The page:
Released in 1956, Albert Lamorisse’s film The Red Balloon is a near-wordless story of a boy and an almost-sentient balloon in post-war
. It’s a beautiful film, whimsical and
charming to boot, but rewatching
it now, there’s a curious emptiness in the film which makes it even more
production, adapted by Hilary
Bell from Lamorisse’s film (not the subsequent slightly over-sentimental
book he fashioned from it) and designed by India
Mehta, takes note of this emptiness and creates a poignant piece of theatre
which never feels forced or indulgent. Paris
The play (and film) follows Pascal, a friendless young boy, and his lonely and at times curiously desperate relationship with a large red rubber balloon. When the balloon is threatened by a gang of bullies – cleverly evoked here using shadows – he tries to outrun them, but you can’t hide a balloon like that for long in bleak brick alleyways. Bell’s play introduces three characters not seen in Lamorisse’s film – a suave cat, a nervous rat, and a bird-brained pigeon – and uses them, Greek chorus-style, to comment on, frame, and usher in the action, often using rhyming couplets.
Directed and choreographed by Chrissie Parrott, some of the production’s strongest moments are in the ballet-like dances between characters and the balloon, the beautifully wordless moments which show Pascal running through the streets of
, of being followed
by the balloon, of exploring the world around him. India Mehta’s set –
dominated by two towers of doors, flaps, umbrellas, chimneys, railings, and
staircases – spin and move to evoke different parts of the city, cleverly
playing with scale, as in the production’s final moments. Mehta’s costumes are
largely muted, using a similar pallet to her set, and evoke the sombre world of
Lamorisse’s film – of his Paris – and use the balloon to offset this to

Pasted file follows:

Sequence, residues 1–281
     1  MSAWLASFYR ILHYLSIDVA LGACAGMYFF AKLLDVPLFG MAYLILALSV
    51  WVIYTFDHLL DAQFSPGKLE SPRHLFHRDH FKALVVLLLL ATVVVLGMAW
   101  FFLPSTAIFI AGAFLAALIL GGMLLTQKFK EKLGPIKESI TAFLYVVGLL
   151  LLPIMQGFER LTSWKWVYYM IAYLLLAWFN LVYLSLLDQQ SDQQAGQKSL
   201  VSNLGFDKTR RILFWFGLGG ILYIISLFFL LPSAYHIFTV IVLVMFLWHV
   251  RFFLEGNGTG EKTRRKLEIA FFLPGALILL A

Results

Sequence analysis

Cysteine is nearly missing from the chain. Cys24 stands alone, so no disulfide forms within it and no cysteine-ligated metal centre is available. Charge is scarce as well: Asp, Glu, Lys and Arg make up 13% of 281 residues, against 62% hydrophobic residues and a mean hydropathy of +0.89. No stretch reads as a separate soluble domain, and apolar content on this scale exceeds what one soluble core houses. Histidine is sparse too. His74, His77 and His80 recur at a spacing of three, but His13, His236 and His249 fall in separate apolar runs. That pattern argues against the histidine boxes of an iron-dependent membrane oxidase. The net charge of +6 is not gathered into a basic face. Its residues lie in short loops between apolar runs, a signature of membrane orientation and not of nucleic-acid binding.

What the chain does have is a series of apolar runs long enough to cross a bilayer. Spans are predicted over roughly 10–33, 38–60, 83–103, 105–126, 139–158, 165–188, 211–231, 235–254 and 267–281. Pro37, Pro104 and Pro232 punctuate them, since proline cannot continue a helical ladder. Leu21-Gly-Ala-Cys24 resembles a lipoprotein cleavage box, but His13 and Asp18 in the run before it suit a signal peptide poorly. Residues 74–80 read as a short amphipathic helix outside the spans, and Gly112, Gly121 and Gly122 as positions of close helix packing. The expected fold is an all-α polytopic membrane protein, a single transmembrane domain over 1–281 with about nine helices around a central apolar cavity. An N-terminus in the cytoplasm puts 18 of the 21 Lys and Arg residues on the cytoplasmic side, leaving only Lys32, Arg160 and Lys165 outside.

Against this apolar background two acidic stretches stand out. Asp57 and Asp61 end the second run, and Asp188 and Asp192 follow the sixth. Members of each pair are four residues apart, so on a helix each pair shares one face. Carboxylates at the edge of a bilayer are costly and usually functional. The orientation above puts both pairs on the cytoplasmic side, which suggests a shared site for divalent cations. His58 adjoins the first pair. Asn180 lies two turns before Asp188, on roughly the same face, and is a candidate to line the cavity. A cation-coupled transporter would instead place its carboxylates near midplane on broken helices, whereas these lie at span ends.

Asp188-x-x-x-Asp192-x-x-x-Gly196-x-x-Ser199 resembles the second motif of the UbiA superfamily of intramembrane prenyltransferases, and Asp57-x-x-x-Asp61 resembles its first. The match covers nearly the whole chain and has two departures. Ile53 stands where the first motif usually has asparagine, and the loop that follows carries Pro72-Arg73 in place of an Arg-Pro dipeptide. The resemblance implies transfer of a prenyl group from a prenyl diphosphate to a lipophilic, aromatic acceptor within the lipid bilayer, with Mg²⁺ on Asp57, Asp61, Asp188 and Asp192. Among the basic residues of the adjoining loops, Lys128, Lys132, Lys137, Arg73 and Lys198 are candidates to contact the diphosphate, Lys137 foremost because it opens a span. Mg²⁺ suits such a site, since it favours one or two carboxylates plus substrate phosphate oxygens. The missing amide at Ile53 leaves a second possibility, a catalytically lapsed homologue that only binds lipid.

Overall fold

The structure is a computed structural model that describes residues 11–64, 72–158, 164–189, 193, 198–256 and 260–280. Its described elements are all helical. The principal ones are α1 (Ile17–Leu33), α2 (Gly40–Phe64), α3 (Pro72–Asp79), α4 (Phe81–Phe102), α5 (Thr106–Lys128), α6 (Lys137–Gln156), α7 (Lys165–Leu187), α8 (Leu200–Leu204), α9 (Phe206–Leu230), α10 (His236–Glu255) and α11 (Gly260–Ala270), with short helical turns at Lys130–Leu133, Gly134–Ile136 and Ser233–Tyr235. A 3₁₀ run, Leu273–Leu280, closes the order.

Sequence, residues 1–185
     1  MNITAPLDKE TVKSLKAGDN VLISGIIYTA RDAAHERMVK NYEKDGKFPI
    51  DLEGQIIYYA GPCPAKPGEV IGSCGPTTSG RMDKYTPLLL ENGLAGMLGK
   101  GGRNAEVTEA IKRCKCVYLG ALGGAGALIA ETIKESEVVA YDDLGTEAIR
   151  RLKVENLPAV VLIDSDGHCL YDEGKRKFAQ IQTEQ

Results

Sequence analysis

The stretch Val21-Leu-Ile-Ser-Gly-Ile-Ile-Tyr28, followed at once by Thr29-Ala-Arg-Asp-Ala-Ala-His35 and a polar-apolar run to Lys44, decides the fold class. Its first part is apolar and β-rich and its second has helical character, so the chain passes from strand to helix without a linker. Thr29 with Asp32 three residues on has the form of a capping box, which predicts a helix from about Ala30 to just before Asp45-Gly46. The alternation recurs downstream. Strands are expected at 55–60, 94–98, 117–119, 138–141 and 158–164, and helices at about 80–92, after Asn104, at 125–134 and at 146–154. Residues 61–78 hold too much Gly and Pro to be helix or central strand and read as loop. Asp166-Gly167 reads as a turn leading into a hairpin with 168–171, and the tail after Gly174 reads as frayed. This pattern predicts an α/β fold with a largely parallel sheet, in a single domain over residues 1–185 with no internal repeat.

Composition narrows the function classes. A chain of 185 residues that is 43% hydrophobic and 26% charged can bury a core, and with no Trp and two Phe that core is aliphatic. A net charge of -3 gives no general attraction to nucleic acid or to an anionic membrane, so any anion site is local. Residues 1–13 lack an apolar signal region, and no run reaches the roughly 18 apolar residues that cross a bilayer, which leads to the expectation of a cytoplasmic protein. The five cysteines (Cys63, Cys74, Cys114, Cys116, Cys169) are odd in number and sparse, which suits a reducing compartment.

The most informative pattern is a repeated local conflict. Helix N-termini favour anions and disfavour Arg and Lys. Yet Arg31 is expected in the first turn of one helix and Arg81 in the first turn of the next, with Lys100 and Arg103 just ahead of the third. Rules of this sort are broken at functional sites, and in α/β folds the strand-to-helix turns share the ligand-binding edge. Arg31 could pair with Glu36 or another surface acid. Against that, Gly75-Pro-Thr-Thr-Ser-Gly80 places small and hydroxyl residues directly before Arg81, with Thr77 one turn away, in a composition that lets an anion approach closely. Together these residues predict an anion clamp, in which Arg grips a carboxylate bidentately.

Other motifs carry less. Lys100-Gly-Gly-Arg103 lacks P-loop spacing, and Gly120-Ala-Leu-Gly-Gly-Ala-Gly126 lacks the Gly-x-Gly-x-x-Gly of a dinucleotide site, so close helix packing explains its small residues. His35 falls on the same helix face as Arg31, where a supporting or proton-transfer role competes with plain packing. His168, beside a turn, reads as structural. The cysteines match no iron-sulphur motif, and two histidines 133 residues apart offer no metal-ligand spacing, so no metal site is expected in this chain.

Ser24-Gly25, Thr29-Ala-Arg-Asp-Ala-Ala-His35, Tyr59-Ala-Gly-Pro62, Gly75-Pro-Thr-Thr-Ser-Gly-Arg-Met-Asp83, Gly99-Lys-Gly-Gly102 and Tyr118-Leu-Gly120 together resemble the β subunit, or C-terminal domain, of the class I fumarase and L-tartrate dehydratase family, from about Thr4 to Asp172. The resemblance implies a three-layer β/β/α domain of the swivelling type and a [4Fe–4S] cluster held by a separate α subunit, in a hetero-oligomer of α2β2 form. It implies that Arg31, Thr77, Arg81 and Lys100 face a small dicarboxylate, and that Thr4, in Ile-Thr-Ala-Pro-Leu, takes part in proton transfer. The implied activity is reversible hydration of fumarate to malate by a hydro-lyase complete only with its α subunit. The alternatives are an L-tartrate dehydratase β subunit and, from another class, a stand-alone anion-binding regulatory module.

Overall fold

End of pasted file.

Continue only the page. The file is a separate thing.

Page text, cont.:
beautiful effect. Trent Suidgeest’s lighting is rich and colourful, adding mood
with a deft touch, and creates an almost fable-like storybook atmosphere. Ash
Gibson Greig’s score and sound design, almost entirely through-composed, adds
subtle flourishes and enhances the mood with warmth and deceptive simplicity. Paris
Parrott’s cast of five children (who share two roles on alternate performances) and four adults deftly navigate the play’s demands, with the adults often deploying a quick change of coat or hat for a new character. As in Lamorisse’s film, there’s a curious lack of parent-aged characters here, perhaps as a reflection of post-war life, and the adult cast have a healthy amount of fun with these briefly glimpsed older characters, with a special mention to St John Cowcher’s headmaster (and as the balloon’s ‘voice’), and to Sarah Nelson’s suave and velvet-voiced Cat. Taking a leaf from Lamorisse’s film, Bell’s play scatters dialogue throughout the play, but doesn’t rely on it to tell her story; that comes from the scripted interactions between characters, the balloon, and their environment, and the spoken and wordless elements work together to create a portrait of the city which amplifies the loneliness Pascal must be feeling, the loneliness and desire for companionship which his balloon represents. While some of the dialogue is lost amongst the score and sound design, there’s a sombreness to several of the lines which further highlights the melancholy underneath the whimsy in the tale, and it is to Bell’s credit that it doesn’t feel forced, heavy, or imposed upon the simple story.
There are some really beautiful images and moments in this production which showcases everything the theatre is capable of doing well, and the final moment is simple, elegant, and rather moving. This is a strong and generous-spirited production, the first family production in Black Swan’s twenty-five year history, and I hope it is the first of many. At forty-five minutes, this production is sure to fire the imaginations of children and adults alike, and introduce a new generation to Lamorisse’s classic film.